So, there would still be the same number of people chasing the same housing stock – there’d just be a much smaller share of that for the unemployed.

Don’t get me wrong, I think there are more efficient ways of providing housing to the unemployed than paying housing benefit to private landlords – but politicians aren’t really prepared to try any of them.

17. white trash

SM4S @5, 13. Like all rent it is wasted money.

The best thing would be for the taxpayer to stop paying any rent to the scumlords at all. Then we all just sit back, keep occupying the buildings waiting till the buy2letters and rachmans have gone bust. Then when the prices have come back to something sensible, buy those properties to replenish the public sector again and start letting them to tenants on fair terms once more. This way rent and benefits re-circulate to the taxpayer funds in a virtuous circle.

A positive sum game. A win/win for everyone.

(Except the slumlords and other parasites of course, shame eh?)

I wonder what Central London employers will do when they can no longer recruit unskilled minimum wage workers to do the dirty boring jobs that are necessary to keep every organisation ticking over. Previously Housing Benefit kept their low paid workers close to them, but now what will happen? Are they going to start paying more to compensate for their workers’ new commutes when they are forced to move? Or are they going to start paying more so that workers can live in London without needing to claim Housing Benefit?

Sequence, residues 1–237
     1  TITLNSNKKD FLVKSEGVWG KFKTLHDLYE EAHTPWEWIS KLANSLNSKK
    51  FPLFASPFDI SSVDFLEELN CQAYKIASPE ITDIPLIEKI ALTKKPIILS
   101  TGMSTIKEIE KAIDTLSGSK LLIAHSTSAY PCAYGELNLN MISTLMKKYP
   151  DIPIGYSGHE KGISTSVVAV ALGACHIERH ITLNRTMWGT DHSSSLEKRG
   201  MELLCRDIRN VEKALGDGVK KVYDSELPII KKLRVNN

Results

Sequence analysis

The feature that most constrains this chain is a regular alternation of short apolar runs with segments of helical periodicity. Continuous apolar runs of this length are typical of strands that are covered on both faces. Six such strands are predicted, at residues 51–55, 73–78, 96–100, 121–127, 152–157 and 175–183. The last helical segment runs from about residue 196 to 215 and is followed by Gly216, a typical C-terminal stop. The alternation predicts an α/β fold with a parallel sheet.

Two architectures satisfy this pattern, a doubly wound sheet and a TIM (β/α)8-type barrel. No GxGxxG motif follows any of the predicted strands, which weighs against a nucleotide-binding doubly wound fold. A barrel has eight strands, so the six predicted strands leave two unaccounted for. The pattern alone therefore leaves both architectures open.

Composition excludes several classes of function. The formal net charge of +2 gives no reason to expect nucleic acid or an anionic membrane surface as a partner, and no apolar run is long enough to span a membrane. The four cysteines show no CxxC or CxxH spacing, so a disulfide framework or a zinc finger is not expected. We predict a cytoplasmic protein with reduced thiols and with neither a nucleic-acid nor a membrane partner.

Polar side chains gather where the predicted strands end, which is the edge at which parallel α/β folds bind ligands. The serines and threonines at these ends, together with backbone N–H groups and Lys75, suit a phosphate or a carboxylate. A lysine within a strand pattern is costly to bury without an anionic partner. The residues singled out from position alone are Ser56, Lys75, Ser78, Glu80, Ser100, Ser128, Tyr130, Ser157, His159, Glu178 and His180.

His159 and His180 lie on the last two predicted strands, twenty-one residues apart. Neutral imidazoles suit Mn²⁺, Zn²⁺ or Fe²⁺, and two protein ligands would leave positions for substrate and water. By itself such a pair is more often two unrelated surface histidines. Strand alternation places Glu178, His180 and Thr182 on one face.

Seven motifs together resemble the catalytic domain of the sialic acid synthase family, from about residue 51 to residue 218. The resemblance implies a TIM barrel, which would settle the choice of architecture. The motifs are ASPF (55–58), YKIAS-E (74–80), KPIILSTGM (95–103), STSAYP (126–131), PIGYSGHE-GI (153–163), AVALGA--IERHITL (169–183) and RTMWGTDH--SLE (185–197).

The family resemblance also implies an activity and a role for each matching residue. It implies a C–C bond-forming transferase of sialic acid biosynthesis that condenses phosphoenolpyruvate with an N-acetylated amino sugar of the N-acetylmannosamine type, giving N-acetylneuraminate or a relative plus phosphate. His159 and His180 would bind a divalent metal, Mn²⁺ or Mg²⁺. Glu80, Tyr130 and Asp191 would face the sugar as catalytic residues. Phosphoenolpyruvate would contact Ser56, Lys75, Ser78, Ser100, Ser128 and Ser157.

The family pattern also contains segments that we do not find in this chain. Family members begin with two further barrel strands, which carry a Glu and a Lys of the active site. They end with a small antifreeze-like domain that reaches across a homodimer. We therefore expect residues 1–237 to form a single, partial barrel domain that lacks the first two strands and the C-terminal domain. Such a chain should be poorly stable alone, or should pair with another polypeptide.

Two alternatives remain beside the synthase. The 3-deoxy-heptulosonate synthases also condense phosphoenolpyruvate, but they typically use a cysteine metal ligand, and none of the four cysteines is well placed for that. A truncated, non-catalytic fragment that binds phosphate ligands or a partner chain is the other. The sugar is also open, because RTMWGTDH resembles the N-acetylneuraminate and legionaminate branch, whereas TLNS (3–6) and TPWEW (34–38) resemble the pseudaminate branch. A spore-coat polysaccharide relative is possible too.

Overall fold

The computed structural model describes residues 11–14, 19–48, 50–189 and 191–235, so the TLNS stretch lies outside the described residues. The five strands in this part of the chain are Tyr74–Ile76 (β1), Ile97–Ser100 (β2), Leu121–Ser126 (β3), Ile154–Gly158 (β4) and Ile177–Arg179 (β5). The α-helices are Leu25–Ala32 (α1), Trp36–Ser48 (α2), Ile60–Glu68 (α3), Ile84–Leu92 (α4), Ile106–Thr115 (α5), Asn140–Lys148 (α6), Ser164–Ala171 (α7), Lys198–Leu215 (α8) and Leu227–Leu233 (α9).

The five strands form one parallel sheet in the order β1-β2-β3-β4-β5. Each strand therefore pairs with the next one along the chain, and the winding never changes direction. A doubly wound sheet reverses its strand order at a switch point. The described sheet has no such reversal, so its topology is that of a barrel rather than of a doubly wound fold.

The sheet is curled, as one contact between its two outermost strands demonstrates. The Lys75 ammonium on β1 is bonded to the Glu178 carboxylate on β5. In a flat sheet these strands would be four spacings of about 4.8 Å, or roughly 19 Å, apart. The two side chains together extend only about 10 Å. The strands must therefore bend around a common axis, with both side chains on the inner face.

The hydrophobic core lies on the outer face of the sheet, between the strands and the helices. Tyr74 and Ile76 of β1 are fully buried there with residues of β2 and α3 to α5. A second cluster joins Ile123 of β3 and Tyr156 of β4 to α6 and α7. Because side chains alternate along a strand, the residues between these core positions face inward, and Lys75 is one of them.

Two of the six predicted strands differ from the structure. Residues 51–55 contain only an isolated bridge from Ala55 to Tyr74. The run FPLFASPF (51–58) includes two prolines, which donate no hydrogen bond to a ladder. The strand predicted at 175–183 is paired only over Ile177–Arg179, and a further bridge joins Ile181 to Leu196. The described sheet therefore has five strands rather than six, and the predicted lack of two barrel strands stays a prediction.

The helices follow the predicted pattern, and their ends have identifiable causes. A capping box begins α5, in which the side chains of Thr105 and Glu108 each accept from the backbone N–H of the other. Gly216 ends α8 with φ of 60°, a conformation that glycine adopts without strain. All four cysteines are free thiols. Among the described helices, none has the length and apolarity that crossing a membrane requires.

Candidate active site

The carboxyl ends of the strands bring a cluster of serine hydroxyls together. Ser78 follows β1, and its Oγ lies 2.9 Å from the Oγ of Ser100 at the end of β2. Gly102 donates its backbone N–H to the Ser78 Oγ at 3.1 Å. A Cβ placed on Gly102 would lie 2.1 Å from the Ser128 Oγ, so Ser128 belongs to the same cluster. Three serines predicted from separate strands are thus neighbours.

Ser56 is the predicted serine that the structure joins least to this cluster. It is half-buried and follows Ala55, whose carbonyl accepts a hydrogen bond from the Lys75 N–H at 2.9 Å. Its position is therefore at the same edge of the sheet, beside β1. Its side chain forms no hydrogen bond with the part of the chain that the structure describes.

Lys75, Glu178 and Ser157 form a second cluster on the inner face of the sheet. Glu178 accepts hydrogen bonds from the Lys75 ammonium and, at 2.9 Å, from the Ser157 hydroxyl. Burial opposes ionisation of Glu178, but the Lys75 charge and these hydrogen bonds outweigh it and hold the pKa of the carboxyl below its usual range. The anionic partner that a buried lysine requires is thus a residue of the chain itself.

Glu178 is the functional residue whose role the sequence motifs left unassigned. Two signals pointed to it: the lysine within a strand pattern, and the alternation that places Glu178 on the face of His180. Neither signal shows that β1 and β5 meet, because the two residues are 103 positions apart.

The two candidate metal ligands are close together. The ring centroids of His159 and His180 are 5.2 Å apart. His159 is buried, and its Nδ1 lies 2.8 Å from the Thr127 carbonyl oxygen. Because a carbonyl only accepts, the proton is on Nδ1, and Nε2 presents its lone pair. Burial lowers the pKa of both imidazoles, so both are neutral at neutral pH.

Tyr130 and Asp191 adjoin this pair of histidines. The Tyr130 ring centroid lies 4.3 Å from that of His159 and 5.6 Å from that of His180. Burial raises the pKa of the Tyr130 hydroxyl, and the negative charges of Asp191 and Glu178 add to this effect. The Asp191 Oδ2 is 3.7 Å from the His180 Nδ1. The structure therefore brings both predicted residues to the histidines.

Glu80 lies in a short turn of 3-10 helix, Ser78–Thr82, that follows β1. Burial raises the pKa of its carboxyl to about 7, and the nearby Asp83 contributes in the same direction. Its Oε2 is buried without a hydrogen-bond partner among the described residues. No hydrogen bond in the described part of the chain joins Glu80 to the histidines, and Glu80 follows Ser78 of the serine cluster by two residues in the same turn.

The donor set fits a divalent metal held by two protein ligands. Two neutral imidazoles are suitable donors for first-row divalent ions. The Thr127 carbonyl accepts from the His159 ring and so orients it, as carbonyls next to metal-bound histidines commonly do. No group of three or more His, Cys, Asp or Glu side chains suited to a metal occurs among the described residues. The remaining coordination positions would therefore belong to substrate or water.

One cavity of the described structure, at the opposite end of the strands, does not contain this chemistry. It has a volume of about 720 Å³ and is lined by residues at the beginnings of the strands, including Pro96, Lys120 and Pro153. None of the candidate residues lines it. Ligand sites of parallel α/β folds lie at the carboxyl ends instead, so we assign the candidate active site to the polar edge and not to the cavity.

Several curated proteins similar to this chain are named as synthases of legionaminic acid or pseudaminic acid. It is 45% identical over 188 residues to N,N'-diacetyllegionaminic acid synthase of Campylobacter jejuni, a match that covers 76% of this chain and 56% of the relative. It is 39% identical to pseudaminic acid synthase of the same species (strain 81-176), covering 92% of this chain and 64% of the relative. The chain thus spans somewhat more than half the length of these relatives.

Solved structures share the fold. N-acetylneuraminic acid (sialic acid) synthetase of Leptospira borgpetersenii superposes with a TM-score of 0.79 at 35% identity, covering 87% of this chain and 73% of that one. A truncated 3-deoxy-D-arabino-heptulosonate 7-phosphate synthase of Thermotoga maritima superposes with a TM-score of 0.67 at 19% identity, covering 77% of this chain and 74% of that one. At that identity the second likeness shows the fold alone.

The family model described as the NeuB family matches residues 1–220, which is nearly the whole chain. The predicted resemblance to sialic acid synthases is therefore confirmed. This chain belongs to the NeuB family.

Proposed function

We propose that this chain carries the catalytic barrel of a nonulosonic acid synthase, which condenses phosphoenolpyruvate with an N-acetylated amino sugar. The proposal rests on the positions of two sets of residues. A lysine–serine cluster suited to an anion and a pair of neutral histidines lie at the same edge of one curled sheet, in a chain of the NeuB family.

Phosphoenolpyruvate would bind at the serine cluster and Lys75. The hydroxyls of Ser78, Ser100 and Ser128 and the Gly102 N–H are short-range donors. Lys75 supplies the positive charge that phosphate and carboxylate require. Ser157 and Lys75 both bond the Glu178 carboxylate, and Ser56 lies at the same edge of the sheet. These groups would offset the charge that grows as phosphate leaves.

Or are we going to see thousands of people laid off as companies choose employees who ‘don’t mind’ living in slum-like conditions and force a race to the bottom in living standards? In the capital city of one of the wealthiest countries in the world?

At what point did society agree that welfare benefits were an acceptable career choice? I always thought they were there as a safety net to see you through until you were back on your feet. Most of these arguments seem to be assuming living off benefits all your life is something to be protected rather than finding ways to get those that can work, into work.